There are so many ways that eating disorders can manifest themselves. For some people it might mean limiting the amount of food they eat, eating large amounts of food all at once, ridding the body of the food they have eaten in an unhealthy way (e.g. laxatives, purging, excessive exercise) or sometimes a combination of all of these.
Types of eating disorders include:
- binge eating disorder
Not only can eating disorders cause serious harm but they can be fatal, with anorexia having the highest mortality rate of all mental illnesses.
Who gets eating disorders?
Although young women between the age of 12 – 20 are the most likely to develop an eating disorder, anyone else can also develop this condition, no matter what their age, gender, ethnic or cultural background is.
It is believed however that males make up a quarter of the sufferers of an eating disorder and that sufferers among men, boys, older people and people from ethnic or cultural minorities could be higher than first thought. The reasoning behind this is because these people are probably more reluctant to come forward and ask for help with an illness that is already very difficult to talk about.
What causes eating disorders?
There is no single reason why someone develops an eating disorder as the influences may be genetic, psychological, environmental, social or biological. However, the latest research shows that eating disorders are much more biologically based than was previously thought.
Because of the complexity of eating disorders, not everyone will suffer the same symptoms. Some people can be affected by more than one type of eating disorder or find their symptoms start to change as they recover from treatment.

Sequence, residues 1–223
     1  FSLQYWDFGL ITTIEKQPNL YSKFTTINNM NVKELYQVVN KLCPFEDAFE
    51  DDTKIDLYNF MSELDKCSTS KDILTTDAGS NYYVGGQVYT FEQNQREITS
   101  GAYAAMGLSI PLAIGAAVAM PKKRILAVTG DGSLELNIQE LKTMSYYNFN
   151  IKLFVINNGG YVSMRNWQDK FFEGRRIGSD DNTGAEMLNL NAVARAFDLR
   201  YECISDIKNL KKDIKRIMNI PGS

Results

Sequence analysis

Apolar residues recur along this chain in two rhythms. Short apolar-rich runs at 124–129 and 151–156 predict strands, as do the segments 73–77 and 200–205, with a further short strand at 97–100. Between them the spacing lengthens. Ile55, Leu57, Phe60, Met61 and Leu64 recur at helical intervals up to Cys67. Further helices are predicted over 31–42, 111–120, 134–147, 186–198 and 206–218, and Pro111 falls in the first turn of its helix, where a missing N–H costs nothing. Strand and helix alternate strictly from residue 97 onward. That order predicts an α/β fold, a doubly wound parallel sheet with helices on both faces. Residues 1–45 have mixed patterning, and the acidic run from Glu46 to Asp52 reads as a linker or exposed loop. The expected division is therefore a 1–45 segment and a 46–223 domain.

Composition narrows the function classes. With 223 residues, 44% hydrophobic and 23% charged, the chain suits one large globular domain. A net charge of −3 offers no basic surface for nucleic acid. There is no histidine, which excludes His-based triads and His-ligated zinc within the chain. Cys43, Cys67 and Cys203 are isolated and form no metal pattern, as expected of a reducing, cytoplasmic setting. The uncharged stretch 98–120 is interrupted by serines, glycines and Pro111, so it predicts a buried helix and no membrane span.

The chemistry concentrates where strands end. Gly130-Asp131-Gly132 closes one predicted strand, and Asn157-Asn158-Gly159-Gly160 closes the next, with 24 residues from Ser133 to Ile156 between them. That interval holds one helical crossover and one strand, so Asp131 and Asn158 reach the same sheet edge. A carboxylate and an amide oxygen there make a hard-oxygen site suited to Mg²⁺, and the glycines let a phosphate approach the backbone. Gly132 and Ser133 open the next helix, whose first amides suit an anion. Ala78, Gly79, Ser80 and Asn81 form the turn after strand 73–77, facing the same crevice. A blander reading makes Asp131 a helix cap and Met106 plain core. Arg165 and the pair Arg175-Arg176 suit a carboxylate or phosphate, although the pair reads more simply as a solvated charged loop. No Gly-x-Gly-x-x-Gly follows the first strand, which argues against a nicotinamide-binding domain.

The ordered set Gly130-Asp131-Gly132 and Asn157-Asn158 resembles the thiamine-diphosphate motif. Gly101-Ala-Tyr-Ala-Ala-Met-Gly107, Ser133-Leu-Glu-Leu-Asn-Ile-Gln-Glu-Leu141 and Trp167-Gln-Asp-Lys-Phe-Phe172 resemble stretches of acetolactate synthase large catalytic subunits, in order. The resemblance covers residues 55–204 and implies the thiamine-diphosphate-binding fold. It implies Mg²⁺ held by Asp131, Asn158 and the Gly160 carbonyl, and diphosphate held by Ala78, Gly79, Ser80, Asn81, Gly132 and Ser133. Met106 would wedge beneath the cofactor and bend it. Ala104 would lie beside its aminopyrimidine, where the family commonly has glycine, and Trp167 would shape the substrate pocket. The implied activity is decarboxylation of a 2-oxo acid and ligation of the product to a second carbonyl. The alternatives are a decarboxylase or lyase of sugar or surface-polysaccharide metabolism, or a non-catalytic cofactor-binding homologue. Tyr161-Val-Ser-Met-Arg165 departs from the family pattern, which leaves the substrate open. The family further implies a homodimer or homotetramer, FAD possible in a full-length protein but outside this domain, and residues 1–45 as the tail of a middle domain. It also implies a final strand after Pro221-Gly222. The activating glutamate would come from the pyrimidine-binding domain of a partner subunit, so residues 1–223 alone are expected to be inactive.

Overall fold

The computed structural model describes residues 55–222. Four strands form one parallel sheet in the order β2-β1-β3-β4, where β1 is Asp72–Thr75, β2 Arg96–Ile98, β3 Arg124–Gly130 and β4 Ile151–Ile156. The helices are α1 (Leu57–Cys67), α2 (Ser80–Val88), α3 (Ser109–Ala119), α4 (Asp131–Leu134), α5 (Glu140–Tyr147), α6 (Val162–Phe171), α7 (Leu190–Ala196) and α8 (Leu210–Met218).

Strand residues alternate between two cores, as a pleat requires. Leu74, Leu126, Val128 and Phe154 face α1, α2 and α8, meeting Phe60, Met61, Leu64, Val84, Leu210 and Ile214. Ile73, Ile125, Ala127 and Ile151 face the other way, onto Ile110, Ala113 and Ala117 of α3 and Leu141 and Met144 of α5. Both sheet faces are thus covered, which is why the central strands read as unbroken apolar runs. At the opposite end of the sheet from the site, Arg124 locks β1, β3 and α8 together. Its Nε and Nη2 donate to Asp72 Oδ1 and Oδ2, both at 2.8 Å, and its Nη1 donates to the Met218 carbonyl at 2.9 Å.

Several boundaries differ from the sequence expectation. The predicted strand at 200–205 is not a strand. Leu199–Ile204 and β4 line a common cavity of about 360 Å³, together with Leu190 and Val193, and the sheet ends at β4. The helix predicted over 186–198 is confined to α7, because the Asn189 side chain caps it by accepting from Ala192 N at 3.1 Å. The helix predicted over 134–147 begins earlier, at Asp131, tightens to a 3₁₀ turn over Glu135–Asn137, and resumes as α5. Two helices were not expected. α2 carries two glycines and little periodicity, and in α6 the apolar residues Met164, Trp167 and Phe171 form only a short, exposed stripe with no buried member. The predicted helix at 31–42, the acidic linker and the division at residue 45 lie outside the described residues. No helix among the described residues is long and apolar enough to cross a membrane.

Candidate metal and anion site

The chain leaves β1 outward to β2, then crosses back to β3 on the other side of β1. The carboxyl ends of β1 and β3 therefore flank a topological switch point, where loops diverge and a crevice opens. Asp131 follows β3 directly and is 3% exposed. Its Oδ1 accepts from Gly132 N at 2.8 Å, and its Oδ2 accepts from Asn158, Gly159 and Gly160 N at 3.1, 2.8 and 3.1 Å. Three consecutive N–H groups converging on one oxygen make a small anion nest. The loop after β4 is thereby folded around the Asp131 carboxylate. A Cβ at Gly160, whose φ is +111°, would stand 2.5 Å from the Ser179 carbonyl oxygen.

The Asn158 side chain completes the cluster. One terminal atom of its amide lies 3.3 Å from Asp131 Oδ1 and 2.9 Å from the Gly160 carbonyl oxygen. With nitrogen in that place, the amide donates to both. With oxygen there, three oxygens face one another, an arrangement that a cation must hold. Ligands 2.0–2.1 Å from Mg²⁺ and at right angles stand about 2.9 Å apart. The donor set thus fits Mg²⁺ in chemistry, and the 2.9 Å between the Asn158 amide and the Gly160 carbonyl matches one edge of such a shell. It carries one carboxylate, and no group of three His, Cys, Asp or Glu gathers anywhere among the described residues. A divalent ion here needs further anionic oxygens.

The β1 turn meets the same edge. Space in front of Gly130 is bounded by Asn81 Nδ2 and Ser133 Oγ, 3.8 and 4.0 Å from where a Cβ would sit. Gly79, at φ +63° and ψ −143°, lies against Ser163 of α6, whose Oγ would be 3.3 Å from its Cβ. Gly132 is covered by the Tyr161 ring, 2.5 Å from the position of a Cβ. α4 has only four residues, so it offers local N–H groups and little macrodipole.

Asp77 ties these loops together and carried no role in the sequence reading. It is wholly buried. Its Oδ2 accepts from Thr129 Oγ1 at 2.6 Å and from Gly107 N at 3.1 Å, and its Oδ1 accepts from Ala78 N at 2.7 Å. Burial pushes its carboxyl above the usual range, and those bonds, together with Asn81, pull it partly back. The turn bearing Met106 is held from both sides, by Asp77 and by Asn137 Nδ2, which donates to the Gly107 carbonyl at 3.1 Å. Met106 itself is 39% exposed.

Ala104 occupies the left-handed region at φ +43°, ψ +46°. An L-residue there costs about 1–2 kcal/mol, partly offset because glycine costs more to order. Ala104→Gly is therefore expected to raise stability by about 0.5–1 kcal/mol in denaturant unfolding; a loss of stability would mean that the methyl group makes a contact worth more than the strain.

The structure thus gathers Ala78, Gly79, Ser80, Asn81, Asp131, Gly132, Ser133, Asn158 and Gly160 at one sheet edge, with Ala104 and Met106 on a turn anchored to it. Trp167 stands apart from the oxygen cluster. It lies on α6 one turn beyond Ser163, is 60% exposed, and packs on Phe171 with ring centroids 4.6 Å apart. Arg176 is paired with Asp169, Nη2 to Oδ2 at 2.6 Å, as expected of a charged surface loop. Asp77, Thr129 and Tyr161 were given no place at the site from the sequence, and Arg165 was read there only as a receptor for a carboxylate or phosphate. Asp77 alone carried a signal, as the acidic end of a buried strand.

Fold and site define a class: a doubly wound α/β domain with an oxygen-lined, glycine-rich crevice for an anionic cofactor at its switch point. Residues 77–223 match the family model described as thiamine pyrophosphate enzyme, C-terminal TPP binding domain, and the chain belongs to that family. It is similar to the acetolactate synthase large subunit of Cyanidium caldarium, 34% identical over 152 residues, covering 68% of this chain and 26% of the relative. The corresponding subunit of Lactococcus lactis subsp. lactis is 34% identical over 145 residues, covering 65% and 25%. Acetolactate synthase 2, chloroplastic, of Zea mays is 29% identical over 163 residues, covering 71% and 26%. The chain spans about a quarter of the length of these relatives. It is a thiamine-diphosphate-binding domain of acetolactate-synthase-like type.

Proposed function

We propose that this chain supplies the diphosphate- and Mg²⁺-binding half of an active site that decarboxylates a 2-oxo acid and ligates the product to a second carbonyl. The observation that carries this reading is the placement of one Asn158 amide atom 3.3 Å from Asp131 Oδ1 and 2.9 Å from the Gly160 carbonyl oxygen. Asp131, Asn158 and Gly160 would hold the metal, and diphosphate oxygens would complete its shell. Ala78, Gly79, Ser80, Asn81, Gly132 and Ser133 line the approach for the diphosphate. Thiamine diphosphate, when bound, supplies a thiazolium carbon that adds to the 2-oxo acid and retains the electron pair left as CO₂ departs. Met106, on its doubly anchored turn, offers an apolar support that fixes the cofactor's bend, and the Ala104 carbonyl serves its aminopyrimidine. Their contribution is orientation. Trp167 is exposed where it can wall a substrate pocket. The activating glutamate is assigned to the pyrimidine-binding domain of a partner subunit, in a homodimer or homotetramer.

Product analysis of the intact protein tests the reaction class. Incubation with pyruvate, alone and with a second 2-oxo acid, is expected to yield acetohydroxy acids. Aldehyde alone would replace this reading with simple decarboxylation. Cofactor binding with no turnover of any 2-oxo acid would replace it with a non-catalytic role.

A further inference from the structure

Eating disorders can also cause other mental or physical health issues in people at the same time. So not only are they having to deal with their eating disorder but also other health issues.
Diagnosing an eating disorder
It is important for anyone with an eating disorder to visit their GP as soon as possible and if their GP thinks they have an eating disorder, they should refer them to a specialist so further assessment can be made and treatment be put in place.
A diagnosis is usually essential before treatment can be approved and doctors and healthcare professionals use agreed criteria to make the diagnosis. They will they talk to the person about their feelings and behaviour so they can build a history of them. Sometimes physical tests are needed as well, such as checking the persons height and weight and blood tests.
Can eating disorders be treated?
Yes, eating disorders can be treated and at BEAT they know from their daily contact with people affected that it is very possible to make a full recovery. As with any other illness, the quicker someone with an eating disorder gets treatment, the more likely recovery is. People will respond differently to treatment and can take different amounts of time to recover. BEAT have put together a leaflet, to help you with getting your GP to refer you to see a specialist.
Finding the comedy in recovery
The Essex Partnership University Trust are hosting an Eating Disorders Awareness Event in Chelmsford, Essex on 4th March 2020 from 6.30 – 9pm.
This event is part of a wider effort to raise awareness and offer avenues for support and treatment and is being led by the National Eating Disorder charity BEAT.
Comedian Dave Chawner, who has himself overcome anorexia will be performing at the event. The event is FREE, all you need to do is register.
Please click on the links below, which will provide you with a wealth of information about BEAT and also the event that they are leading.
The above information has been sourced from:
If you are suffering from any form of eating disorder or are going through treatment, then the team at SMP Healthcare would like to wish you the very best of luck. For those of you that have overcome an eating disorder, we would like to say “well done”.
Author: Tracy Izzard-Johnson